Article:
GPL incompatibilities with Apache to be ironed out

Aim is to ease code usage under Apache and GPL together in the same application, Free Software Foundation manager says

The Free Software Foundation, in upgrading the GNU General Public License, intends to iron out any incompatibilities with similar licenses from organizations such as the Apache Software Foundation.

This goal is to make it easier to use code under Apache and GPL together in the same application, said Brett Smith, license compliance manager at the Free Software Foundation, on Thursday.

"We've been working on a new version of our license, the GNU GPL, and one of our goals for that license from the very beginning was to provide compatibility with other free software licenses," Smith said. Version 3 of the GPL is expected to be finalized in June or July, he said.

An inconsistency with the Apache license involves a potential interpretation of Apache rules that would have rendered it incompatible with GPL version 3, Smith said. An indemnification clause in the Apache license stipulates that if a software provider offers a warranty on its software, then the provider would have to indemnify other contributors to the program from being liable for that warranty.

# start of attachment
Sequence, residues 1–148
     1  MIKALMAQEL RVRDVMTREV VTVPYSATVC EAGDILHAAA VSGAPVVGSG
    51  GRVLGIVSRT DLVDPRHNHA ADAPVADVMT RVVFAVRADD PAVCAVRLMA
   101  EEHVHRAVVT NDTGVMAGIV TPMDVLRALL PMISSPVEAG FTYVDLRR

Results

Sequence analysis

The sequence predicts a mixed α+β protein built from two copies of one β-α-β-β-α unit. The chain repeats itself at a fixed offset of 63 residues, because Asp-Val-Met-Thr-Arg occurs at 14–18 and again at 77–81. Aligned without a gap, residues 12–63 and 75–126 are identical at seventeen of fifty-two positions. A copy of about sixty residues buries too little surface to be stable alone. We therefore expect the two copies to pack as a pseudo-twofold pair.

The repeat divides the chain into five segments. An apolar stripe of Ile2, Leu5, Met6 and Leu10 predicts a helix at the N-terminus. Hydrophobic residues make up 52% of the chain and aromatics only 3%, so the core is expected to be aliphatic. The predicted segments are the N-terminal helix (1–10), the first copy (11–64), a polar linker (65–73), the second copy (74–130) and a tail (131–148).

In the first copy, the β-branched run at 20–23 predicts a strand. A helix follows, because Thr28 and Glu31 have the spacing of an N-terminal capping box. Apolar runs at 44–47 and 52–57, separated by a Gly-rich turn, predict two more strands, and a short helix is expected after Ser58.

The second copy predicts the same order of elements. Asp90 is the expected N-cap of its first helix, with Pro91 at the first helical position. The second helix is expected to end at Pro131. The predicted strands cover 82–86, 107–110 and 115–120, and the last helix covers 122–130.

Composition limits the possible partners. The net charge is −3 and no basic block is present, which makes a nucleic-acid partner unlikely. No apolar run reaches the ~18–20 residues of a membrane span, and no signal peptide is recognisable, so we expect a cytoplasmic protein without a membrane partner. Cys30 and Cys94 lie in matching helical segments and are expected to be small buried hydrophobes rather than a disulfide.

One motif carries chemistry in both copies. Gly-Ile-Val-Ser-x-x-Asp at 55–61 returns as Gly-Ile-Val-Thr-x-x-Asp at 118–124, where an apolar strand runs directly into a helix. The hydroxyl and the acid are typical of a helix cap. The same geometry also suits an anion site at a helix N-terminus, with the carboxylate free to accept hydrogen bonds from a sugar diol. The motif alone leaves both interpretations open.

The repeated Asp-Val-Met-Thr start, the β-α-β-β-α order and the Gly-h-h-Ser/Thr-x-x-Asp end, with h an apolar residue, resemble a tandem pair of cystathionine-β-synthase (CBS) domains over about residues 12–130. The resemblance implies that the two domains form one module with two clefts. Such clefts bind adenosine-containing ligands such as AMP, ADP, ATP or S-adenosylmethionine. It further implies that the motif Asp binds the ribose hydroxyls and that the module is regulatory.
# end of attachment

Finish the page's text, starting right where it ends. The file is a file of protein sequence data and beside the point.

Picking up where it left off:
The clause is vague on what kind of indemnification would have to be provided, Smith said. It could be construed as an additional restriction that is not part of GPL 3, he said. The GPL requires that code offered under the GPL cannot be combined with code that carries additional restrictions, Smith said.

For now, the foundation continues the process of ensuring compatibility and working out changes to the GPL. Negotiations are ongoing with Apache.

"The exact details of how we're going to achieve compatibility [are] still being worked out but we've made a lot of good progress over the last couple of months," Smith said. "We're going to get there, that's for sure.

What is expected is that the foundation will allow code under GPL 3 to be combined with code that has certain indemnification requirements, Smith said.

GPL 3 is intended to enable everyone who gets a copy of a GPL-affected program to have the same rights to use, share, and change it. "The latest version of the GPL addresses a number of new threats to software freedom," Smith said.

Recently, some persons have found ways to circumvent GPL terms through technical measures and GPL 3 addresses that, Smith said. One improvement ensures that when a program is modified under GPL 3, there is more protection from being sued for patent infringement, he said.

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